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Journal of Econometric Methods

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A Simple GMM Estimator for the Semiparametric Mixed Proportional Hazard Model

Govert E. Bijwaard
  • Corresponding author
  • Netherlands Interdisciplinary Demographic Institute (NIDI), PO Box 11650, NL-2502, AR, The Hague, The Netherlands
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/ Geert Ridder / Tiemen Woutersen
Published Online: 2013-05-28 | DOI: https://doi.org/10.1515/jem-2012-0005


Ridder and Woutersen (Ridder, G., and T. Woutersen. 2003. “The Singularity of the Efficiency Bound of the Mixed Proportional Hazard Model.” Econometrica 71: 1579–1589) have shown that under a weak condition on the baseline hazard, there exist root-N consistent estimators of the parameters in a semiparametric Mixed Proportional Hazard model with a parametric baseline hazard and unspecified distribution of the unobserved heterogeneity. We extend the linear rank estimator (LRE) of Tsiatis (Tsiatis, A. A. 1990. “Estimating Regression Parameters using Linear Rank Tests for Censored Data.” Annals of Statistics 18: 354–372) and Robins and Tsiatis (Robins, J. M., and A. A. Tsiatis. 1992. “Semiparametric Estimation of an Accelerated Failure Time Model with Time-Dependent Covariates.” Biometrika 79: 311–319) to this class of models. The optimal LRE is a two-step estimator. We propose a simple one-step estimator that is close to optimal if there is no unobserved heterogeneity. The efficiency gain associated with the optimal LRE increases with the degree of unobserved heterogeneity.

This article offers supplementary material which is provided at the end of the article.

Keywords: counting process; linear rank estimation; mixed proportional hazard; JEL Classification: C41; C14


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About the article

Corresponding author: Govert E. Bijwaard, Netherlands Interdisciplinary Demographic Institute (NIDI), PO Box 11650, NL-2502, AR, The Hague, The Netherlands

Published Online: 2013-05-28

Published in Print: 2013-07-01

Horowitz (2001, theorem 2.2) averages gn (Xi); the STATA program on our website is sufficiently fast to apply the bootstrap to most survey datasets.

The Brent’s method combines the bisection method, the secant method and inverse quadratic interpolation. The idea is to use the secant method or inverse quadratic interpolation if possible, because they converge faster, but to fall back to the more robust bisection method if necessary. The secant method can be thought of as a finite difference approximation of the Newton-Raphson method. The Powell method extends the Brent method by searching in a specific direction, rather than changing one parameter at the time.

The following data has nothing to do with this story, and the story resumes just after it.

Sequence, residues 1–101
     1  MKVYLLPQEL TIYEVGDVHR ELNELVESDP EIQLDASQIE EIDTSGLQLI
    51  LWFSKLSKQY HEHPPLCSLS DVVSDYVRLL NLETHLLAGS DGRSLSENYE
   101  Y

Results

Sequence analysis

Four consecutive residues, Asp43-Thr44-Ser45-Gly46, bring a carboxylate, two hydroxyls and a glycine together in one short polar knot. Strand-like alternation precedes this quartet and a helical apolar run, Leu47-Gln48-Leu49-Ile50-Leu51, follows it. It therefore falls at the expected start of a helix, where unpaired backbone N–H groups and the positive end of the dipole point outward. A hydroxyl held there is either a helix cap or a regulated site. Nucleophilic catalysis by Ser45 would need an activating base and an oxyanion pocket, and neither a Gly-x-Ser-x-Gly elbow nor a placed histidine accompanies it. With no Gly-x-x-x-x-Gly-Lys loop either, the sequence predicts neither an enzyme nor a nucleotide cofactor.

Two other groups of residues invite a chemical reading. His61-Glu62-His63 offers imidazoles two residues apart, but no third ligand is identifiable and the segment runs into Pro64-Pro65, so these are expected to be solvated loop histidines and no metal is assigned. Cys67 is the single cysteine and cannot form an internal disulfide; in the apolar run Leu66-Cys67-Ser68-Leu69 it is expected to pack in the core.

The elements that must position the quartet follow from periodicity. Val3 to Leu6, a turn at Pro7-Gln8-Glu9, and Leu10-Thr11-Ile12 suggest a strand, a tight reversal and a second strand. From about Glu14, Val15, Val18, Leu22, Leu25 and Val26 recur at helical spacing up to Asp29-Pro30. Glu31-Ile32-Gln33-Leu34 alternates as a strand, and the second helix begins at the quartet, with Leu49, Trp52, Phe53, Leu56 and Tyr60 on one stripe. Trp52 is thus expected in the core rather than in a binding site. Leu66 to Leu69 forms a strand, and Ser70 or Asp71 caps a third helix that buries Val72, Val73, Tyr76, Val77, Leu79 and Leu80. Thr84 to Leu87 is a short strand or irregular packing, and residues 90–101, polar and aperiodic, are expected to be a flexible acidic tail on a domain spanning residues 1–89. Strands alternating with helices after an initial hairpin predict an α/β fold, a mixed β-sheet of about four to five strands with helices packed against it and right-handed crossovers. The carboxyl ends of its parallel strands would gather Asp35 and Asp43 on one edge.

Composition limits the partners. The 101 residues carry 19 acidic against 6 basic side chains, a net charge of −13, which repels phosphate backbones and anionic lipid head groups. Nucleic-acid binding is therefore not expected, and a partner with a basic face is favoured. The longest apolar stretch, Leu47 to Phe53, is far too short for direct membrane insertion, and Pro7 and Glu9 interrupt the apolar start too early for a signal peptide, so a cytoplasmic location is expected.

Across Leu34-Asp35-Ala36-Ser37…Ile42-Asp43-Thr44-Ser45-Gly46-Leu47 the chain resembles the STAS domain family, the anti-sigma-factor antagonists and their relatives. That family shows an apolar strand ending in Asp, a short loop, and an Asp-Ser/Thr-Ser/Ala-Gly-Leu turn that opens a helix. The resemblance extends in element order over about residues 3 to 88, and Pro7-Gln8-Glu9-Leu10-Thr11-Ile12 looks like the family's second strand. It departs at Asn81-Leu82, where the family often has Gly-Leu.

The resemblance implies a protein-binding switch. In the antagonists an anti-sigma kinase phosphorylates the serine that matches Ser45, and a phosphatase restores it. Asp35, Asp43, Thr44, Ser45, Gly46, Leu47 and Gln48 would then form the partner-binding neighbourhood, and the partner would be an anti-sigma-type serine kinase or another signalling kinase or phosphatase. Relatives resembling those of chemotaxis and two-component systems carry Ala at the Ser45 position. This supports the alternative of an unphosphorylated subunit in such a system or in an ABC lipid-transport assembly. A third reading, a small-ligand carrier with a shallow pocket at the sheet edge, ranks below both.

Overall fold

See http://publ.nidi.nl/output/other/LRE.zip for the program and http://publ.nidi.nl/output/other/LRE_help.pdf for the help file.

In the MLE for models with duration dependence, we do not need the standard identification restriction that the unobserved heterogeneity term has mean one because the baseline hazard is normalized to be equal to 1 in the first interval.

The Gâteaux derivative is a directional derivative; let

and η>0 then df(x, a)=limη0[{f(x+)–f(x)}/η].

Our calculations were done in Gauss 6.0 on 3 parallel computers: a Pentium 2.1 PC, a Pentium 2.8 PC and a Pentium 2.0 laptop. The calculations took about 9 weeks of CPU time.

The LRE with a duration dependence on 10 intervals for a sample size of 500 did not converge in seven of the experiments. The average is therefore base on 93 experiments instead of 100.

The results for the parameters of the piecewise constant duration dependence, α2 and α3, are given in Tables A3 and A4 in Appendix A.

The Doob-Meyer decomposition theorem is a theorem in stochastic calculus stating the conditions under which a submartingale may be decomposed in a unique way as the sum of a martingale and a continuous increasing process, see Meyer (1963) and Protter (2005).

Citation Information: Journal of Econometric Methods, Volume 2, Issue 1, Pages 1–23, ISSN (Online) 2156-6674, ISSN (Print) 2194-6345, DOI: https://doi.org/10.1515/jem-2012-0005.

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